Dr. Michael Eisenberg, an assistant professor of urology, sees a lot of patients at the Stanford University Medical Center who have problems performing in the bedroom.
To determine what the problem is, they’ll go through a laundry list of regular activities. Often, patients will ask whether they need to smoke less marijuana.
There isn’t a lot of research on the topic. However, with marijuana becoming legal in a growing number of states, Eisenberg thought it’d be worth exploring. What he found surprised him.
“Usually, people assume the more frequently you smoke, the worse it could be when it came to sex, but in fact, we learned the opposite was true,” Eisenberg said. His study was published in this week’s Journal of Sexual Medicine.
The study looked at data from the US government’s National Survey of Family Growth. It asked more than 28,000 women and nearly 23,000 men how often they had sex in the four weeks prior to the survey and how frequently they used marijuana in the past year.
Women who didn’t use marijuana reported having sex six times on average during the past four weeks. Women who used marijuana daily had sex 7.1 times on average.
The trend was similar for men. Men who abstained from marijuana said they had sex an average of 5.6 times in the four weeks before the survey, compared with the daily marijuana users who reported having sex 6.9 times, on average.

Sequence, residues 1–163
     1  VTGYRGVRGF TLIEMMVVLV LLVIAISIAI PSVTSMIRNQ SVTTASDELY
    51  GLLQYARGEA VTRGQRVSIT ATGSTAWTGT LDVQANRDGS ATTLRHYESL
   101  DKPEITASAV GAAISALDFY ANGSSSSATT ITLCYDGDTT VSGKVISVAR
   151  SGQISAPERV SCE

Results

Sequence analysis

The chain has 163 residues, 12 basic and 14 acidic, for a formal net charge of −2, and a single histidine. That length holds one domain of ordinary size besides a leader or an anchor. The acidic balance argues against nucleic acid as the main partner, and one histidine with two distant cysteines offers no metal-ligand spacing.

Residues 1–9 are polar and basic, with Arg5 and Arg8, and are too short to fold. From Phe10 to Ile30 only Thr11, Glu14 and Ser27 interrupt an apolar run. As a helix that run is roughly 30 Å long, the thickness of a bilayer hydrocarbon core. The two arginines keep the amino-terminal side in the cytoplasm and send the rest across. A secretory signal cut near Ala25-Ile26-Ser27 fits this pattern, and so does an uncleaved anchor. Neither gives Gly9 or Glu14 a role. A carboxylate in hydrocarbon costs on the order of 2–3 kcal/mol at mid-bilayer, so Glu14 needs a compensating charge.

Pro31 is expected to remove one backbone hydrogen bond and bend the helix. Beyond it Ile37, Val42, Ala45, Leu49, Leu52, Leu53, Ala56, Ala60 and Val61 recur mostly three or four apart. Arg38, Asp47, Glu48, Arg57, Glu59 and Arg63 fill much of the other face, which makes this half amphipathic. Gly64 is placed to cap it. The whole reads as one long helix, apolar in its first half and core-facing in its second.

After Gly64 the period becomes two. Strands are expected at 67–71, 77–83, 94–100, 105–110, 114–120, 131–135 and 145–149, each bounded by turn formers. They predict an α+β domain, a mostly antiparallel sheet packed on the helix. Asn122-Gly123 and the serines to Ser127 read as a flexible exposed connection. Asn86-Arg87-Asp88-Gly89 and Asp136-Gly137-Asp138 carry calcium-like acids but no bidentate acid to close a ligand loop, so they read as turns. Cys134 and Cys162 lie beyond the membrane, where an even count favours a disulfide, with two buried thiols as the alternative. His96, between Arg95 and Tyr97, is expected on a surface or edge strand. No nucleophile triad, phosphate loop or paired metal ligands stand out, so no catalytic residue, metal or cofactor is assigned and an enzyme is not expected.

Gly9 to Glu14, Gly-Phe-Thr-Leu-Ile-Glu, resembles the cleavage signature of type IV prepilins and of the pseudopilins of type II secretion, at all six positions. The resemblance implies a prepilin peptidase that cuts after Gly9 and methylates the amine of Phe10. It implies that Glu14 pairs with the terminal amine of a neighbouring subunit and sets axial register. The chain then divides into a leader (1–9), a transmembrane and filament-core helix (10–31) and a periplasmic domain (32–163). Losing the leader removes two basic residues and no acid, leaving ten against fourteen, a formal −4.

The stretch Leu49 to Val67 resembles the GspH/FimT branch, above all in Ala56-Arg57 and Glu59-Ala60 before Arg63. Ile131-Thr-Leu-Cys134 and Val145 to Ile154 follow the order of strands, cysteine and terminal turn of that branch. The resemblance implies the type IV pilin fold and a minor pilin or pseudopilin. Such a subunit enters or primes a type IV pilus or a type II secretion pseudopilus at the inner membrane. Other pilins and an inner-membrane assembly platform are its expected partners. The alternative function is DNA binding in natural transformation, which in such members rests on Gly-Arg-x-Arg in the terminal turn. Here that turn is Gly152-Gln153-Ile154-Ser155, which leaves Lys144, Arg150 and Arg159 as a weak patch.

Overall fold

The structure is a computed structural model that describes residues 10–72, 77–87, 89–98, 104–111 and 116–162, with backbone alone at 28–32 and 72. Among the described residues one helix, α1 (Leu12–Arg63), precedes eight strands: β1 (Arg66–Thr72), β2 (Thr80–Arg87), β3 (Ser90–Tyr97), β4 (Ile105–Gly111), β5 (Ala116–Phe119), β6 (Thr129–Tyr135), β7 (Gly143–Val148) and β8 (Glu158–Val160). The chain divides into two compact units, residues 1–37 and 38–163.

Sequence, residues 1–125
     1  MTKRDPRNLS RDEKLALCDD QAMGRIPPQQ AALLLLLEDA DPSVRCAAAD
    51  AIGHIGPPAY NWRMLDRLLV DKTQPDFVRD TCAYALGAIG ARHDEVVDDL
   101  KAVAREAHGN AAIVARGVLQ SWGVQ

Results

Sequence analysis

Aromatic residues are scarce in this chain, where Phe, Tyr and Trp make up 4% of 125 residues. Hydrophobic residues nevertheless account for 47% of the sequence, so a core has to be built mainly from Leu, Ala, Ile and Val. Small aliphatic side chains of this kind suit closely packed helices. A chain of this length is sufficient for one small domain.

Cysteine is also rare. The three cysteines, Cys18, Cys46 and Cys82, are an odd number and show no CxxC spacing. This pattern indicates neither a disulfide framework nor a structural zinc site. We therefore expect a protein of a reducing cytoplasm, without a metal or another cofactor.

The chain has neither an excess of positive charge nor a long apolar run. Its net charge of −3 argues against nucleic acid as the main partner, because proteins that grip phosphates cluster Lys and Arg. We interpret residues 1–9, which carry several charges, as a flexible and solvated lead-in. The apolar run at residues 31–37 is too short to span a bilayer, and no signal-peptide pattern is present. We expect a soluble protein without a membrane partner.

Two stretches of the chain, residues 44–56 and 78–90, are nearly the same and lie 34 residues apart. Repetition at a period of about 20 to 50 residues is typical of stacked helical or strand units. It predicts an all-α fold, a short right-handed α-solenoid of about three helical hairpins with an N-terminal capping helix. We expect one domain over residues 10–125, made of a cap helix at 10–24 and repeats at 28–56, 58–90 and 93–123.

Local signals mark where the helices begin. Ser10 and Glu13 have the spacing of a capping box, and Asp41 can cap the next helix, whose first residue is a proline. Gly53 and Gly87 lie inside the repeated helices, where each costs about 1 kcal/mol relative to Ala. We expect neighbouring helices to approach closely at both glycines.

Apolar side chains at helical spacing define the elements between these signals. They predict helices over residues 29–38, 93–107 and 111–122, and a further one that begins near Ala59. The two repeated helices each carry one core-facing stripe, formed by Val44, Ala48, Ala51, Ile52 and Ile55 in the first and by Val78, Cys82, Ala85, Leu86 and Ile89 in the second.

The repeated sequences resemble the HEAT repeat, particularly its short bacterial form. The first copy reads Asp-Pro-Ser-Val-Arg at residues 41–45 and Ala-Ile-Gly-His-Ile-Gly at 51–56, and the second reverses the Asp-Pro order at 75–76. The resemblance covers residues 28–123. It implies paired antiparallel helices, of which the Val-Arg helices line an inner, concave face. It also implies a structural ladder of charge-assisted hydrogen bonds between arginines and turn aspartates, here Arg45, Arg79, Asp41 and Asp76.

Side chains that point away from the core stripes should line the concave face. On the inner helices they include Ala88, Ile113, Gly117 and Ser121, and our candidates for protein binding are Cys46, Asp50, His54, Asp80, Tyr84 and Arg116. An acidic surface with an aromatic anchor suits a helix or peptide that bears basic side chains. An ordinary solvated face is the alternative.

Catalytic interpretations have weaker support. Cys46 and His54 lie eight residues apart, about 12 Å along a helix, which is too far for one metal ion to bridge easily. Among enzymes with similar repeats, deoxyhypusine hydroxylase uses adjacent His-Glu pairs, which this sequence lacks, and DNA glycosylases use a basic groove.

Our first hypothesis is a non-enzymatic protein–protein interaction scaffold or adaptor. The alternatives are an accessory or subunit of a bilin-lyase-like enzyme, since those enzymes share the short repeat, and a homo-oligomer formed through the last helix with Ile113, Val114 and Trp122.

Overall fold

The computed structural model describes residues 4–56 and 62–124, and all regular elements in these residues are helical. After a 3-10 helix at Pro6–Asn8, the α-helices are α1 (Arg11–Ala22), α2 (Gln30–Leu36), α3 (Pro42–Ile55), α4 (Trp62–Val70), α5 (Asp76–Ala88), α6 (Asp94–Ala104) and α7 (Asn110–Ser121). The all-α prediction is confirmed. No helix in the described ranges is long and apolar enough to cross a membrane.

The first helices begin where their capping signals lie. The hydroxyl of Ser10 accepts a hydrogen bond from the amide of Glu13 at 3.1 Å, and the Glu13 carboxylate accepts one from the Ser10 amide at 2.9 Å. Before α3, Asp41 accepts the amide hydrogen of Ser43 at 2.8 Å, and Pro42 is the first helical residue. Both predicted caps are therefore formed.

“We were surprised to see the positive association between users,” Eisenberg said. “This was across the board: marital status, race, none of that mattered.” The study focused on heterosexual sex, and it didn’t explain why there might be a connection between sex and marijuana.
Eisenberg said past research on human and rodent models has shown that marijuana use may generally increase arousal. However, studies have also shown that too much marijuana use can decrease sperm count, and while men may want to have sex more, orgasm may be a challenge.
“It can have a different impact on different people,” said Joseph Palamar, an associate professor in the Department of Population Health at New York University, who is not connected with the current study.
He thought it was a “cool epidemiological paper” that “did the best it could with the data,” but it did have limitations. “It’s unclear from the data if people had marijuana in their system before or during sex,” Palamar said. Someone could smoke in the morning but not have sex until the evening, when it wouldn’t be in their system any more, for example. He added he’d like to see a study that could show more of a direct effect on frequency.